Jordan K, 1998, "Defining the context in line-length illusion" Perception 27 ECVP Abstract Supplement
Defining the context in line-length illusion
In the parallel-lines illusion, a long contextual line (eg 105 mm) induces a robust overestimation of a proximal shorter line (eg 60 mm). We attempted to define the effective contextual stimulus for the induction of this line-length illusion. The variables of interest were the organisation of the contextual stimulus and contextual-stimulus motion. We employed solid and segmented contextual lines as well as contextual lines containing twelve non-collinear segments (experiment 1). The segmented non-collinear contextual lines differed in the organisation of the twelve segments. In experiment 2, we introduced motion of contextual stimuli. For solid and segmented collinear contextual lines, the entire contextual stimulus moved while the judged line was stationary. For the non-collinear segmented contextual stimuli, half of the contextual-stimulus elements moved while half remained stationary. Finally, we included three levels of motion of contextual-line segments (experiment 3).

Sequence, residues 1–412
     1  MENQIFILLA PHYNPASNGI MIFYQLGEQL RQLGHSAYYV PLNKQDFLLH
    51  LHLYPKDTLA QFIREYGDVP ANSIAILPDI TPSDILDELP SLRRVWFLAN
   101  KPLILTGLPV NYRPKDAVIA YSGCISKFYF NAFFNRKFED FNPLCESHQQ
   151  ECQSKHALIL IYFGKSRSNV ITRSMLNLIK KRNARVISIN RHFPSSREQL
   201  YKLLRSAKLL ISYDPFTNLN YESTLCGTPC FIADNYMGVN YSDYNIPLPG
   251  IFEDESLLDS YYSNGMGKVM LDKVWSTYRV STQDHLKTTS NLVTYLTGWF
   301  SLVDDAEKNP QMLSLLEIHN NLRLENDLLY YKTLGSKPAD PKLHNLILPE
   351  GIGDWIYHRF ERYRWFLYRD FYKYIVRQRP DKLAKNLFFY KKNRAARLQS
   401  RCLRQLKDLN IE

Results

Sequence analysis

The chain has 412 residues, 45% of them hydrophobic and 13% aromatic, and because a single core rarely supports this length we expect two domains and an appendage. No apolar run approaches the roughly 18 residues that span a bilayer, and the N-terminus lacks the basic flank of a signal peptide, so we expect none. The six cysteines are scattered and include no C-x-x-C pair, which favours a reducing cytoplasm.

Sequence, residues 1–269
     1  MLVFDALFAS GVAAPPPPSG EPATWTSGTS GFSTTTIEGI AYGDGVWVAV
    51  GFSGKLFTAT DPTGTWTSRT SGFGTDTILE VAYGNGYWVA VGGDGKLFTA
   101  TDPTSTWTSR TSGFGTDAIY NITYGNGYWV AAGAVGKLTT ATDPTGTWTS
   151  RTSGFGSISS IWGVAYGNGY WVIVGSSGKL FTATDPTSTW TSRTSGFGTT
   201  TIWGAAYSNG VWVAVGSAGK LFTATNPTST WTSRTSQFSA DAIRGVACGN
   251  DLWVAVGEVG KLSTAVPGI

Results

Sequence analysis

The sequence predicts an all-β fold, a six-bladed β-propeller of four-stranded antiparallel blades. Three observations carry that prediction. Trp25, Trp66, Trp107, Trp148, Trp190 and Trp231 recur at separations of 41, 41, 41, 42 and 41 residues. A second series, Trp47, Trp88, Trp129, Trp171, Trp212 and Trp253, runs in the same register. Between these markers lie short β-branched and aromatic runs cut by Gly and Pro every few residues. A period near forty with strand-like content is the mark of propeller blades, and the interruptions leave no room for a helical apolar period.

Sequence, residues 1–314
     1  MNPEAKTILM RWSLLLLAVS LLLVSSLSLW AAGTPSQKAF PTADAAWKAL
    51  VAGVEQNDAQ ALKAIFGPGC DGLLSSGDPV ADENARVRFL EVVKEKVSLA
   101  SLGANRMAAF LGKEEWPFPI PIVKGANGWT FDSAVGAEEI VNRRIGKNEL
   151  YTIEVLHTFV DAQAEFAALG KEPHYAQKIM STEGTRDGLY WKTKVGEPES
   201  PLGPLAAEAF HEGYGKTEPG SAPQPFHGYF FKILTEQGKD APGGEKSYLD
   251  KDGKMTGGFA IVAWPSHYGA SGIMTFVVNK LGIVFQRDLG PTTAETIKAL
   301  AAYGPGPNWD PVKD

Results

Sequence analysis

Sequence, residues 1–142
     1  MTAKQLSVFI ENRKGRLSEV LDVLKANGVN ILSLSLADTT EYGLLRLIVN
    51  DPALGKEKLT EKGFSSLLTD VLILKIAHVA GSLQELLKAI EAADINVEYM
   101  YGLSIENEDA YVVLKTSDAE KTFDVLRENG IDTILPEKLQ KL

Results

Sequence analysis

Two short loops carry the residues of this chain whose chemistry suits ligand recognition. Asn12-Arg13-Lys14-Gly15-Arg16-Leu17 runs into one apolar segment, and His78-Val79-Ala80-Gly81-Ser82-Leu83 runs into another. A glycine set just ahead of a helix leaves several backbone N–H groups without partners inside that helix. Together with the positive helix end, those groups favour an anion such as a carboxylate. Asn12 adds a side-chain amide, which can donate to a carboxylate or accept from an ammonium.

The data indicate that line-length illusions can be induced by both solid and segmented collinear contextual lines. Additionally, a contextual stimulus composed of two non-collinear segments induced an illusion even when half of the stimulus moved and half was stationary. We conclude that (i) neither a solid contextual line nor collinearity of contextual elements are required to induce length illusion, (ii) the organisation of segments within the contextual stimulus is more important than the location of the endpoints of the stimulus in illusion induction, (iii) neither complete nor partial contextual-line movement diminishes the illusion, and (iv) the inferred organisation of the contextual segments is consistent with an object-based description of attention.
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